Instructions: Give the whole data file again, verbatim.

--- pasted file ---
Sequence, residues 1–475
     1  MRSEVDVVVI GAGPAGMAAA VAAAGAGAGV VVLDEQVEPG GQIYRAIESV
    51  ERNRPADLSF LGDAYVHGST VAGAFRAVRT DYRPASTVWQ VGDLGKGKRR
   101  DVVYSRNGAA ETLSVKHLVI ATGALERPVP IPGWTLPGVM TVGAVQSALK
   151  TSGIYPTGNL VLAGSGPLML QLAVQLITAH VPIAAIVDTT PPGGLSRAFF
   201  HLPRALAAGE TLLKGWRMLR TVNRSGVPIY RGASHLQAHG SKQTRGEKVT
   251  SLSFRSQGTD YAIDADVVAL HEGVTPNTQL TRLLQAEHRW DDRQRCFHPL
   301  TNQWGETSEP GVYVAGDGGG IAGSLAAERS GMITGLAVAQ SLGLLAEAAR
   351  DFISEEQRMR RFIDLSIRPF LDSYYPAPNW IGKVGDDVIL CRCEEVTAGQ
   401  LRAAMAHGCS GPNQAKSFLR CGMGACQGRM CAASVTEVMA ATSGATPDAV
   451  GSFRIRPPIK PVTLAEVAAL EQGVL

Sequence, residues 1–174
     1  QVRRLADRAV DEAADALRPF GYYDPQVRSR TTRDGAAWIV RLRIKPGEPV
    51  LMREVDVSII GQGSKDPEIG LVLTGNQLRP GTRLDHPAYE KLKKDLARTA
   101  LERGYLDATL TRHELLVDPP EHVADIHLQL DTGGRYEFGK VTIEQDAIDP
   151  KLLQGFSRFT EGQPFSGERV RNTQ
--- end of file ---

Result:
Sequence, residues 1–475
     1  MRSEVDVVVI GAGPAGMAAA VAAAGAGAGV VVLDEQVEPG GQIYRAIESV
    51  ERNRPADLSF LGDAYVHGST VAGAFRAVRT DYRPASTVWQ VGDLGKGKRR
   101  DVVYSRNGAA ETLSVKHLVI ATGALERPVP IPGWTLPGVM TVGAVQSALK
   151  TSGIYPTGNL VLAGSGPLML QLAVQLITAH VPIAAIVDTT PPGGLSRAFF
   201  HLPRALAAGE TLLKGWRMLR TVNRSGVPIY RGASHLQAHG SKQTRGEKVT
   251  SLSFRSQGTD YAIDADVVAL HEGVTPNTQL TRLLQAEHRW DDRQRCFHPL
   301  TNQWGETSEP GVYVAGDGGG IAGSLAAERS GMITGLAVAQ SLGLLAEAAR
   351  DFISEEQRMR RFIDLSIRPF LDSYYPAPNW IGKVGDDVIL CRCEEVTAGQ
   401  LRAAMAHGCS GPNQAKSFLR CGMGACQGRM CAASVTEVMA ATSGATPDAV
   451  GSFRIRPPIK PVTLAEVAAL EQGVL

Sequence, residues 1–174
     1  QVRRLADRAV DEAADALRPF GYYDPQVRSR TTRDGAAWIV RLRIKPGEPV
    51  LMREVDVSII GQGSKDPEIG LVLTGNQLRP GTRLDHPAYE KLKKDLARTA
   101  LERGYLDATL TRHELLVDPP EHVADIHLQL DTGGRYEFGK VTIEQDAIDP
   151  KLLQGFSRFT EGQPFSGERV RNTQ